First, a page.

Every potential real estate transaction is fraught with challenges, from unrealistic pricing expectations from sellers to incorrectly filled-out forms to short sales that blow up when banks refuse offers that are too far below fair market value.
But even the trickiest deals can be managed. Agents can avoid most of the problems mentioned by communicating openly with their clients and by paying attention to even the most minor of details during the real estate transaction.
Here are some strategies for avoiding the most common pitfalls during the sales process.
Creating realistic sellers
The latest numbers from the Illinois Association of Realtors show that the median sales price of existing homes in the city of Chicago stood at $177,500 this February. That’s actually up a bit – 0.6 percent – from the same month one year earlier. But it’s a far cry from the median sales prices that sellers enjoyed during the boom times in 2004, 2005 and the first half of 2006.
Realtors, then, face a daunting task whenever they take on new listings: they have to create realistic price expectations for their sellers.
Many sellers today still believe that they can fetch higher-than-average prices for their own residences, despite the drumbeat of news stories detailing the fall in housing prices.
Anne Donnelly, an agent in the Evanston office of @properties, deals with this reality often. She helps resolve the problem by providing as much information about her sellers’ specific markets as possible.
“Sellers hear the national news. They hear about what is going on in Florida and Nevada,” Donnelly said. “What we have to do, though, is drill down. We have to be specific for their neighborhood, their property, their condo building and their condo specifically. You start wide and drill down to their specific case.”
In other words, Donnelly has to tell potential seller clients exactly what price the condo across the hall fetched when it sold two months ago. She has to tell her potential clients that the average selling prices in their neighborhood have fallen dramatically because of the high number of foreclosure sales in the area.
And she has to be honest: she has to tell her clients exactly what price she thinks their residences can fetch in today’s market.
This honest approach might mean losing a listing.
This happened in Evanston in 2009. Donnelly went on a listing presentation. She won over the sellers of the residence. And she suggested an initial asking price of $849,000, one that she based on recent sales and current market conditions.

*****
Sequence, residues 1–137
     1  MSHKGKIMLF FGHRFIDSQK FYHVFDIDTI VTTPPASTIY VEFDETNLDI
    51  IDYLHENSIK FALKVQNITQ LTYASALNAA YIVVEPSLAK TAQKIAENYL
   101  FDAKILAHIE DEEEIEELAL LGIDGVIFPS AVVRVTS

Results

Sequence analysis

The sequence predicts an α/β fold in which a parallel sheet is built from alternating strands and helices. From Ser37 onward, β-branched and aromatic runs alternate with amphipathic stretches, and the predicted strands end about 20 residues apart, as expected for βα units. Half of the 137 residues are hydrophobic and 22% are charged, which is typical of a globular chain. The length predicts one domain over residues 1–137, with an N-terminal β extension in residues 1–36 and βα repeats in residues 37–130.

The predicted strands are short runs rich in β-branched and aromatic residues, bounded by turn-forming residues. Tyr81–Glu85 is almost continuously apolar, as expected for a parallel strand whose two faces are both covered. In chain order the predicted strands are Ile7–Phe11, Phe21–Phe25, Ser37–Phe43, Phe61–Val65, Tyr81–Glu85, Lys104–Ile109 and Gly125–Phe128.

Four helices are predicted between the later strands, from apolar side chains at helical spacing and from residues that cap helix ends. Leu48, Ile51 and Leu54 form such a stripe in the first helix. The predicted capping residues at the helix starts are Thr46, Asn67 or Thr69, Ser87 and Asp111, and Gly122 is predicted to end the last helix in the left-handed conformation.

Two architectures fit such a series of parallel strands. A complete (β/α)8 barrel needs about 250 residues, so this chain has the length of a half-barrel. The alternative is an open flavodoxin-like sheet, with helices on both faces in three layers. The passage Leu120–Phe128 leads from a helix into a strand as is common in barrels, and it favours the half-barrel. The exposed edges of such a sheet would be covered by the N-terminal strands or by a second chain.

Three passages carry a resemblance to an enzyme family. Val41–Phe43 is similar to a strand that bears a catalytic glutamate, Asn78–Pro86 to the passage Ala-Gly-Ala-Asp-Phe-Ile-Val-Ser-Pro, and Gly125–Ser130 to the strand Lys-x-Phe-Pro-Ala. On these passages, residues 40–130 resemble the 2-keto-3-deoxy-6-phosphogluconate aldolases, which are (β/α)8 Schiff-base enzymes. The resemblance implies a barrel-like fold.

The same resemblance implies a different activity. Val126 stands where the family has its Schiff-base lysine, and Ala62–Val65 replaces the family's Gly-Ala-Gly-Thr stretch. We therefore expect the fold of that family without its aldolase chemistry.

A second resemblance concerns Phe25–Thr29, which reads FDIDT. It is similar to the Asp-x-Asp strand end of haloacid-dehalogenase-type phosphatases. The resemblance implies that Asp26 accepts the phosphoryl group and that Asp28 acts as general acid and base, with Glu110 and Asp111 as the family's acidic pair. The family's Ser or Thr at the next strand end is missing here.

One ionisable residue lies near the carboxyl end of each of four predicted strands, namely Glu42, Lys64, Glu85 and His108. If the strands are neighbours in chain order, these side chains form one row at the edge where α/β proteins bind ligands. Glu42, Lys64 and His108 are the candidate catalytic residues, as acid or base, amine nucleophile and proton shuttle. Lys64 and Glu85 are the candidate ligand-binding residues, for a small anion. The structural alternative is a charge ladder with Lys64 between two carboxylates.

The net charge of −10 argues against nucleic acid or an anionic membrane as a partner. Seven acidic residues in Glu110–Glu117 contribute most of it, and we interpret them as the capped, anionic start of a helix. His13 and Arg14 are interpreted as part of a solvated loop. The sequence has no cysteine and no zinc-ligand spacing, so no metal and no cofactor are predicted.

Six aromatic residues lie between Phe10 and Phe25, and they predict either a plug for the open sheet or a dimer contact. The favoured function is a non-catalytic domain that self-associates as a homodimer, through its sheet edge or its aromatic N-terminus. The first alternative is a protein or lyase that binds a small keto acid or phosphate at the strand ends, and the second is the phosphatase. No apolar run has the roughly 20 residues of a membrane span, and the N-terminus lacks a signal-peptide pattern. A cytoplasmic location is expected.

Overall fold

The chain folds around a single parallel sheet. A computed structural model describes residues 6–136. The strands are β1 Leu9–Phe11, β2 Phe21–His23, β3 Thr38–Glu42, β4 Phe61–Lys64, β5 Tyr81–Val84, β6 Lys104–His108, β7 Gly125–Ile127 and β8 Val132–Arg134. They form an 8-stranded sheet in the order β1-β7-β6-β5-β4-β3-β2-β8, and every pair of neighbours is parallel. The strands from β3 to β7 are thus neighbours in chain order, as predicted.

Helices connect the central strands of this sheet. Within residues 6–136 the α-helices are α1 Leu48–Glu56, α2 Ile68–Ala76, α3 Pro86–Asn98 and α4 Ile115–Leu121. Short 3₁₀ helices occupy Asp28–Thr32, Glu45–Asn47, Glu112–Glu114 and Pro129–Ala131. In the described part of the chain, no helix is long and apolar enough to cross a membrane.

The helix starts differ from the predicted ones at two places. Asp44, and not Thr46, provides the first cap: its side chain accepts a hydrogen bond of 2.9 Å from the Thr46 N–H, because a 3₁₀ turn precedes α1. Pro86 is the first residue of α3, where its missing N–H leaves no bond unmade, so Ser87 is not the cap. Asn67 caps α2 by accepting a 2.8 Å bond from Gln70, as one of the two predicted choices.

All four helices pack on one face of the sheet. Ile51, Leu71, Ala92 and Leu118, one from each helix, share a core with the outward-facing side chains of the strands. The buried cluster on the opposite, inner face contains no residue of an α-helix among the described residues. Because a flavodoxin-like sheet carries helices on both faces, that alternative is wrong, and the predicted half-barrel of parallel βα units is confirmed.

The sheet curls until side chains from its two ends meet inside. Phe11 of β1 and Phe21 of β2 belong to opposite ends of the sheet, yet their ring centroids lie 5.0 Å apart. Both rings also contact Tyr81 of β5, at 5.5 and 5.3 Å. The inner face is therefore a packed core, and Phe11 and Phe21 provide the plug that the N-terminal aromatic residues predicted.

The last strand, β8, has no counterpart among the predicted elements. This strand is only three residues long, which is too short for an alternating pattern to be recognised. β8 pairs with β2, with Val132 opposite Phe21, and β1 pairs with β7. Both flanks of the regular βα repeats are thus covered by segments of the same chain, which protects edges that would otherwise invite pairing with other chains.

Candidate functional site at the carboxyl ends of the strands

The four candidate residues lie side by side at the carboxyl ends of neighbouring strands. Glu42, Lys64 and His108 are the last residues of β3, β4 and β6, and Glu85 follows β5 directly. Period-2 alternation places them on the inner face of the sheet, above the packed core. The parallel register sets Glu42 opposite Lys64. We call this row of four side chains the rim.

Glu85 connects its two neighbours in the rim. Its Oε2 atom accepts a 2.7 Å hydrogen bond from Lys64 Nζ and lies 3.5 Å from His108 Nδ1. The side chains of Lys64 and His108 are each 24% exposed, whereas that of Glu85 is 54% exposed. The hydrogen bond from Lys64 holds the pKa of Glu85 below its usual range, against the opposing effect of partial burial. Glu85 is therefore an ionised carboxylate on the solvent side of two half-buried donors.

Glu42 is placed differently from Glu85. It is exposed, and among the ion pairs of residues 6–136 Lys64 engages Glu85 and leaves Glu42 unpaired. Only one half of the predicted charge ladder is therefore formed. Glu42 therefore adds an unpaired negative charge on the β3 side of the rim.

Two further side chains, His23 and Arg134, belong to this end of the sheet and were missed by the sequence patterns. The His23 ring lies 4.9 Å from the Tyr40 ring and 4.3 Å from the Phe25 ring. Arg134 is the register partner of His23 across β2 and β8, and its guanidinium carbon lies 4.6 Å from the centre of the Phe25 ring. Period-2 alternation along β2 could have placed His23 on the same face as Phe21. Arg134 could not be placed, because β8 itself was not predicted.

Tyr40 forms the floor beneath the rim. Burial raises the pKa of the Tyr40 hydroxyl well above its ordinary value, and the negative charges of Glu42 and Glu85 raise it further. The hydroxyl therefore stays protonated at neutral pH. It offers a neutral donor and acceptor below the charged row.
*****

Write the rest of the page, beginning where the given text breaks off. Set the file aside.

The problem? Another agent called the sellers and suggested that they could nab $1 million for the property. Donnelly didn’t budge from her sales price, and the seller went with the other agent.
Donnelly then watched as the listing fell from $1 million to $949,000, $895,000 and $849,000. After seven months, the residence sold for $829,000. During the more than half a year that the residence sat on the market, the owner had to make mortgage payments, pay utility bills and cover the costs of landscaping and snow-removal services. If the seller had listed the residence at Donnelly’s suggested asking price, the home might have sold far more quickly.
“We are not afraid to lose a listing based on the prices we suggest,” Donnelly said. “Even in this market, some agents are still giving sellers false hope. Whether it’s based on the fact that they want to get the listing or that they have a lack of understanding about the market, this happens all the time.”
Donnelly’s listing presentations often last two-and-a-half hours. Donnelly spends much of this time covering recent sales activity. She also provides a detailed explanation of how she arrived at her suggested asking price. The goal is to show sellers that there are valid, data-based reasons for this figure.
“We have been on listing presentations in which people cry after hearing our numbers,” Donnelly said. “But all we can offer sellers, in addition to our marketing expertise and research, is our honesty. That’s the best thing we can bring to our sellers.”
Master the short sale
As home values continue to fall, short sales – in which banks agree to accept an offer for less money than what owners owe on their mortgage loans – are making up an ever-growing percentage of home sales.
The only sales that Nicole Fabiano handles are short sales. She’s the founder and lead negotiator of Chicago’s Home Solutions, Inc., a company that specializes in these transactions.
Short sales can trip up agents and sellers. The most frequent problem: the sellers accept an offer from buyers that is simply too low. The banks then refuse to accept it. This frustrates both the buyer and seller in the transaction, and makes the real estate agents involved seem awfully unprofessional.
The key to a successful short sale is research, Fabiano says. Agents have to study market conditions and comparable sales, just as they would with any type of transaction; listing agents must price even a short sale at fair market value, she says.
“The banks aren’t going to take just any offer on a short sale,” she said.
Fabiano follows a formula: she’ll set the initial asking price at fair market value. She’ll then wait two to three weeks. If that price doesn’t generate any solid offers, she’ll lower the price.
She’ll retain this schedule until the home sells, reducing the asking price every two to three weeks, depending on interest and the number of showings the home generates.